Improving ties: Bilateral trade between Finland, Pakistan picking up, says Finnish envoy

Published: December 6, 2013
Some of the guests at the Finnish National Day event. PHOTO: EXPRESS TRIBUNE

Some of the guests at the Finnish National Day event. PHOTO: EXPRESS TRIBUNE


One of the first countries to have established diplomatic relations with Pakistan, Finland is now looking to improve bilateral trade and cooperation between the two countries.

Finland, a welfare state with one of the lowest levels of corruption and one of the highest degrees of transparency in the world, opened its embassy in Pakistan in 1951 but had to close it in 2012 due to budgetary constraints, Roving Ambassador of Finland, Rauli Suikkanen, told The Express Tribune.

The ambassador was speaking at a reception he hosted in connection with the Finland’s National Day, which falls on December 6, at a local hotel on Wednesday. The reception was attended by the Minister of State for Parliamentary Affairs Sheikh Aftab Ahmed, diplomats, members of civil society and business community among others.

The shutdown was part of the Finnish government’s budget cuts, which also included the closing down of some 11 embassies and consulates around the world, the ambassador said.

Suikkanen, who now operates from Helsinki but visits Pakistan regularly, said the embassy closure is temporary but he could not say when the embassy would be reopened.

In the meanwhile, trade relations between the two countries are beginning to improve, Suikkanen said.

Stora Enso, a Finnish paper manufacturer, has recently set up a factory in Kasur and Vaisla, a high-tech equipment manufacturer, is one of several Finnish companies that have been working in Pakistan.

“Trade is too little at the moment but there is a huge potential for increase,” Suikkanen said.

To provide impetus for growth in bilateral trade, Finpro — the national trade, internationalization and investment development organisation — is expected to open offices in Pakistan soon.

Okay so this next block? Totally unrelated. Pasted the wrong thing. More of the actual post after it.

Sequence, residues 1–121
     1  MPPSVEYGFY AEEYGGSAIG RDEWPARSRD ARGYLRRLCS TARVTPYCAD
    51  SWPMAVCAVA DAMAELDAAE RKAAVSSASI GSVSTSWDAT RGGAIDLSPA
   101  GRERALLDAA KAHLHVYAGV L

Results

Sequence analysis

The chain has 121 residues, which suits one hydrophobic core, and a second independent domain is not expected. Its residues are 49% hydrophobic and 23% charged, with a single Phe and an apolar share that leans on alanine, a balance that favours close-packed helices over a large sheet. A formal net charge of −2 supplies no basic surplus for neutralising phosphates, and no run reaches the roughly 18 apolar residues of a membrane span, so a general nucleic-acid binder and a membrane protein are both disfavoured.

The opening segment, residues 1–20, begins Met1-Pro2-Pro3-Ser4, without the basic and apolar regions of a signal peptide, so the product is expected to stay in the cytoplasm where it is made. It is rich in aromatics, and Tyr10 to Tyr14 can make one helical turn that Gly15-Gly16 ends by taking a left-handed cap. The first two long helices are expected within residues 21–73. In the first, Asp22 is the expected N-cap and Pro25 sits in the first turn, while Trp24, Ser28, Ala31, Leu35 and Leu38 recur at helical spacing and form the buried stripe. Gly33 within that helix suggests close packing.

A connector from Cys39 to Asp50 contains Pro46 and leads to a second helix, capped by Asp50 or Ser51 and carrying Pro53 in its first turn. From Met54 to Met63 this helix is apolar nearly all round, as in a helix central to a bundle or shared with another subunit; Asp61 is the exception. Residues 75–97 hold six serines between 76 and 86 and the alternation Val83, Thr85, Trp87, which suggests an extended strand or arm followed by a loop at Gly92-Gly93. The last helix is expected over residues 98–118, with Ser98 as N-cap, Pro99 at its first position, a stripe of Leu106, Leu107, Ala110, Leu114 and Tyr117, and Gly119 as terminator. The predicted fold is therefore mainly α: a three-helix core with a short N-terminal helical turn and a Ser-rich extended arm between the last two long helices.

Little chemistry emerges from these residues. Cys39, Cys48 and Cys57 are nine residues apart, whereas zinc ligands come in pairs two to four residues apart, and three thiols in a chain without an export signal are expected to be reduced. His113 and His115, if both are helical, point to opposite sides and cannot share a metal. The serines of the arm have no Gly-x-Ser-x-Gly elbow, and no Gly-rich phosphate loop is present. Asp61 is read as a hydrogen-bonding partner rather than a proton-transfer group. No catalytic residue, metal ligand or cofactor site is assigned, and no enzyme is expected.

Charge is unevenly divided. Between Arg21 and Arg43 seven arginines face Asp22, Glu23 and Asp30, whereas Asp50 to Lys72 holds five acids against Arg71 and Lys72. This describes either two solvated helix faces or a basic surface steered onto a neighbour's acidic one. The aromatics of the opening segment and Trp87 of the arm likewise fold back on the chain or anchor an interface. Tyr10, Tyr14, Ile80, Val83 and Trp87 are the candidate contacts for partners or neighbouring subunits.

“Finpro’s plan to open offices in Pakistan will be finalised early next year,” the ambassador said. “The offices, which will probably be opened in Karachi and Lahore, will offer focal points for Finnish companies that want to look at business opportunities in Pakistan.”

Finland is also one of the ten countries that support the Multi-Donor Trust Fund. The fund, administered by the World Bank, is financing reconstruction and development work in Khyber-Pakhtunkhwa, Federally Administered Tribal Areas and Balochistan.

The ambassador said Finland is an advocate of democracy and supports the strengthening of democracy in Pakistan. He said the presence of democratic institutions had helped Finland in the early days of its sovereignty. Exactly 96 years ago, on December 6, 1917, Finland’s parliament adopted a Declaration of Independence that allowed the country to gain freedom from Russian rule.

The Nordic country shares a border with Russia — the land route distance from Finland’s capital Helsinki to St Petersburg in Russia is just less than 400 kilometers — and it had been part of the Czarist Russian empire for over 100 years.

But a degree of autonomy during that period had allowed the Finns to develop democratic institutions which took over once Finland gained Independence, said Suikkanen.

The ambassador termed signs of maturity in Pakistan’s political environment and the transition from one democratically-elected civilian government to another in 2013 as “historical.” He said political stability is good for Pakistan’s image in the world.

Published in The Express Tribune, December 6th, 2013.

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